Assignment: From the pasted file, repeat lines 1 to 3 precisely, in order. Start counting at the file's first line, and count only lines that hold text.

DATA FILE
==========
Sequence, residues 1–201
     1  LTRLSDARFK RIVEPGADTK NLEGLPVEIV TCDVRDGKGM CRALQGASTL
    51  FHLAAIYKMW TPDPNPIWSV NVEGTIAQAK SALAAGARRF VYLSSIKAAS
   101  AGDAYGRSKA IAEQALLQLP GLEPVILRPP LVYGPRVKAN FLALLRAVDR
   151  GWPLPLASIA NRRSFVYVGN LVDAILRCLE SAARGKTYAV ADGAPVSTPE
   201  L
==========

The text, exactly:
Sequence, residues 1–201
     1  LTRLSDARFK RIVEPGADTK NLEGLPVEIV TCDVRDGKGM CRALQGASTL
    51  FHLAAIYKMW TPDPNPIWSV NVEGTIAQAK SALAAGARRF VYLSSIKAAS